Attorney Marc Victor served as a Sergeant and Squad Leader in the United States Marine Corps during Operations Desert Storm/Shield. He was awarded a Certificate of Commendation for his efforts during Operation Desert Storm. He is an honorably discharged United States Marine who requires the same commitment to excellence from all members of the law firm that was expected of him during his time in the Marine Corps.
I first met Marc in 1989 in Phoenix, Arizona when we were both young Marines. There is no such thing as an ex-Marine, and as such Marc and I will always be Marines. Although we are no longer young, we are now what are known as “Salty Marines.”
Given that he is a criminal defense attorney, people sometimes ask Marc how he could be friends with a cop like me. Marc likes to joke and tell people I am ‘grandfathered in’ because he knew me before I was a police officer. From the moment I met Marc, I knew he would be destined for great things in life. Marc was a “hard charging Marine” who showed up early wanting to complete the mission, no matter what that mission might be.
As a Corporal in the first Gulf War, he was assigned a position that was far above his rank. Marc performed his job with determination and pride; something he still demands of his law firm employees today with his “Commitment to Excellence.” Indeed the term “Committed to Excellence” is something that could always be attributed to Marc.
Marc is no longer that young Marine I remember from so many years ago. However, one thing has never changed, and that’s the character, pride, and commitment that define Marc Victor. I am proud to call Marc J. Victor my friend, and I am thankful we met a few decades ago. I look forward to many more years ahead with him as my friend.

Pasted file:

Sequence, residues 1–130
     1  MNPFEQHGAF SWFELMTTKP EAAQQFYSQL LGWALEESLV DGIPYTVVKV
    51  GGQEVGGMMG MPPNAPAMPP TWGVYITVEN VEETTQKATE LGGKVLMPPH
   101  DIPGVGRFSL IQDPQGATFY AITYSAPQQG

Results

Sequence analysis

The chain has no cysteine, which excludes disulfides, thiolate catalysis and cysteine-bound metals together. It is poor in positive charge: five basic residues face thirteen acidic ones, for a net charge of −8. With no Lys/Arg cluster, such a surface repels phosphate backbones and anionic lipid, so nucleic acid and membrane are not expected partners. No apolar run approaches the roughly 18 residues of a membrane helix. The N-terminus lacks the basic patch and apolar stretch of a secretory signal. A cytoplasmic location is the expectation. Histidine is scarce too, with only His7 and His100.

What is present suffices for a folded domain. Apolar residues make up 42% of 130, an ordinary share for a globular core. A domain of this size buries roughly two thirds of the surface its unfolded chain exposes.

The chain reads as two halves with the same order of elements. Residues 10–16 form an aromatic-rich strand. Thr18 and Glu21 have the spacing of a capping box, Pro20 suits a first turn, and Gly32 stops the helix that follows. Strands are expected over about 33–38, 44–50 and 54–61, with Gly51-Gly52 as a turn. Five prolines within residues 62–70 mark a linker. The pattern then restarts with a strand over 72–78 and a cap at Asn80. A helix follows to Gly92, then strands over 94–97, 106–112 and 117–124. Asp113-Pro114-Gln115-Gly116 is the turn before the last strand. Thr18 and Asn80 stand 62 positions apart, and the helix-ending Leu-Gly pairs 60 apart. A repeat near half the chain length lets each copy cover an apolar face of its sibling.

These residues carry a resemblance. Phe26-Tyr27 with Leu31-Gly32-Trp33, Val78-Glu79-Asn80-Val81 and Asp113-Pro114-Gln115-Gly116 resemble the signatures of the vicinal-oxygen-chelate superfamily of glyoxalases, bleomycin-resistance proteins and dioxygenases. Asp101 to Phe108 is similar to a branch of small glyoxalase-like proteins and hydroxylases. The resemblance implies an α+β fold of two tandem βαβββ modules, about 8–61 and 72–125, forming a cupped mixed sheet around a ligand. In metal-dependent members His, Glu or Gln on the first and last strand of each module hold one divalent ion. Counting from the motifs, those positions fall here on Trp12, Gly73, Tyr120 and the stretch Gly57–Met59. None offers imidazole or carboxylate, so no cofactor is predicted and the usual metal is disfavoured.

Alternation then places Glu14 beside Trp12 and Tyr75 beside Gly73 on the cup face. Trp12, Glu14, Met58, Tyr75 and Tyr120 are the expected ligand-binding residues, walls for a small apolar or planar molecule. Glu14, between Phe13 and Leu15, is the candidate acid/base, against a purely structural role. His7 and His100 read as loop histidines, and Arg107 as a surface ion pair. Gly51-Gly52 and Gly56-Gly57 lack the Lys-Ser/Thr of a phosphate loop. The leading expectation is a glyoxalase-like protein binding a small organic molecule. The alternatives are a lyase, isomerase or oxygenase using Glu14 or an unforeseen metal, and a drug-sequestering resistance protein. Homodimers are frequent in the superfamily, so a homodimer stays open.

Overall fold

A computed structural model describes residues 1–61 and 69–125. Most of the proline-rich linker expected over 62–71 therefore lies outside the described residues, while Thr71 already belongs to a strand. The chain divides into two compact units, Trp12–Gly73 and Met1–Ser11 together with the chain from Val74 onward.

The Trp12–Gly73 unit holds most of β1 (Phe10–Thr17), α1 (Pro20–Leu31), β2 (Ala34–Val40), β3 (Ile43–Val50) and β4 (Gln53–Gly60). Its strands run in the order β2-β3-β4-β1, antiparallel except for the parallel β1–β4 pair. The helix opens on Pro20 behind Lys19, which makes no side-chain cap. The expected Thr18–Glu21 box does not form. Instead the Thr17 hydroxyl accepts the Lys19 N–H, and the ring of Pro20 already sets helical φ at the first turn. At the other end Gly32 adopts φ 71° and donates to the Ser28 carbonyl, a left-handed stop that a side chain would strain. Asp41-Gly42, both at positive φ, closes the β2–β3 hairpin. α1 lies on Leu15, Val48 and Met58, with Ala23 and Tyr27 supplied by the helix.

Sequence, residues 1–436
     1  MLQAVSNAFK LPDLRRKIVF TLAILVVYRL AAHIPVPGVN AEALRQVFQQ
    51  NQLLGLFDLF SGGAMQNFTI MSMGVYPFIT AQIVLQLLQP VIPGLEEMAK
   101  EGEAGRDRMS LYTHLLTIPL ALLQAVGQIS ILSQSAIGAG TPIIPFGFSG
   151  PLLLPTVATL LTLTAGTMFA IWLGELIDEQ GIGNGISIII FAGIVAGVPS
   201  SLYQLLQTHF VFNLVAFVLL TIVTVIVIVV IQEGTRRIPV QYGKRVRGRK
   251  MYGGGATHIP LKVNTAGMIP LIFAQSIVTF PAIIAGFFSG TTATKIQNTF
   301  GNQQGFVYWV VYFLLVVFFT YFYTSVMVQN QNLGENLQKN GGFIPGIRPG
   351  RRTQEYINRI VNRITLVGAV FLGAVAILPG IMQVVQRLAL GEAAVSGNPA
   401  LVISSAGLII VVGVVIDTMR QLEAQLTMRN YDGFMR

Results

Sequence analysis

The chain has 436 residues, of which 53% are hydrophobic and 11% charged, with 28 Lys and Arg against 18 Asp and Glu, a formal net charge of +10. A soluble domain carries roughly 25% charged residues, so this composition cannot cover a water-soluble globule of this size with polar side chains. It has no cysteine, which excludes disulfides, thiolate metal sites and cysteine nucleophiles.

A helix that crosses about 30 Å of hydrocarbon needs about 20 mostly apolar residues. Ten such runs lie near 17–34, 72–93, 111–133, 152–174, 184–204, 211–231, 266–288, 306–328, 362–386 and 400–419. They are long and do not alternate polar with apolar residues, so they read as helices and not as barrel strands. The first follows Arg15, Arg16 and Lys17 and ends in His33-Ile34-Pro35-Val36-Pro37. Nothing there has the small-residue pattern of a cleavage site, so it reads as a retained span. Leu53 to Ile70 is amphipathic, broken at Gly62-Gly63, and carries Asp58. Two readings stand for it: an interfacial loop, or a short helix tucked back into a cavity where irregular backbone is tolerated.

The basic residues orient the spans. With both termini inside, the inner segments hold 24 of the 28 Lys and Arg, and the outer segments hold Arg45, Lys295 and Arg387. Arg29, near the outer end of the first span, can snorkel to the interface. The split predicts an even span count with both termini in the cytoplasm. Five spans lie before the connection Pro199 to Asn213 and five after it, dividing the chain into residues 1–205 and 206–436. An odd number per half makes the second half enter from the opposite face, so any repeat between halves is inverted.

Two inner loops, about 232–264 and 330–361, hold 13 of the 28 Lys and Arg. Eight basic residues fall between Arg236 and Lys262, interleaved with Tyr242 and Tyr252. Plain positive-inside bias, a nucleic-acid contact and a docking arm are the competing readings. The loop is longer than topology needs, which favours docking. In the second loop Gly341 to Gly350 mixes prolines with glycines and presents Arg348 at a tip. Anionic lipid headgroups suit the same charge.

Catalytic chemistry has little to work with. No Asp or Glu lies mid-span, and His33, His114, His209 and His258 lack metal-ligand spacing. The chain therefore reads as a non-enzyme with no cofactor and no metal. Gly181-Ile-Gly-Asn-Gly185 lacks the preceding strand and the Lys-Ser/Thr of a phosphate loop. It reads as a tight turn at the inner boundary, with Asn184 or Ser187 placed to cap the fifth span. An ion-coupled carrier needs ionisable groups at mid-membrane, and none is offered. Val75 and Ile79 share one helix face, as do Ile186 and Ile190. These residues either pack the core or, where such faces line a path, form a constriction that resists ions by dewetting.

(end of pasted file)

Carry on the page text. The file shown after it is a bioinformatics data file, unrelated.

Former Sergeant- Marines (1985-1992)
I first met Marc in what was my first upper division class at ASU; I was nervous to say the least. My first impression of Marc was complete confidence. I shortly discovered that Marc and I were both Marines in the same reserve unit and we would both be called upon to serve our county in Desert Shield/Storm. In the waning days of Operation Desert Storm, our jobs would put us side by side where I watched Marc work for several weeks. Marc’s job was that of a dispatcher. At the time he was only a Corporal in a position normally filled by a Marine of higher rank. The confidence I first saw still existed in the classroom. Marc had to prioritize the movement of vehicles. This was often in conflict with Marines in the Officer Corps since many of them were Field Grade and above. Marc was able to handle his job with tact and professionalism in spite of being pressured by Marines that held much higher rank than he did. I believe that He would be able to stand up to the leadership of those in the US Senate with confidence and tact in order to do his new job as Senator of the United States.
John P. Cannistraro
Former Sergeant- Marines (1983-1992)
I first met Marc in 1988 when he joined my Marine Corps reserve unit. I was Marc’s direct supervisor, his Platoon Sergeant to be exact. The Marine Corps is about the most traditional organization that I can think of and would be slow to change the way we do things. At times it would be frustrating to be Marc’s supervisor when I would tell Marc to do something and he would ask “WHY?, this is dumb, we did this last month, nothing’s changed”. I followed orders and would not question my superiors but Marc Victor never hesitated to question any supervisor’s orders if he had a better way to accomplish the mission. Don’t get me wrong, Marc was never belligerent in his questioning orders, he just had a different, non-traditional way of reasoning through assigned tasks.
I know Marc would never hesitate to question or tackle a debate with anyone in our Government. I am proud to have served my country with Marc and honored to have him as my friend. I know he would be an outstanding Senator.
Rob DiLullo, Former Sergeant of Marines, 1985-1997.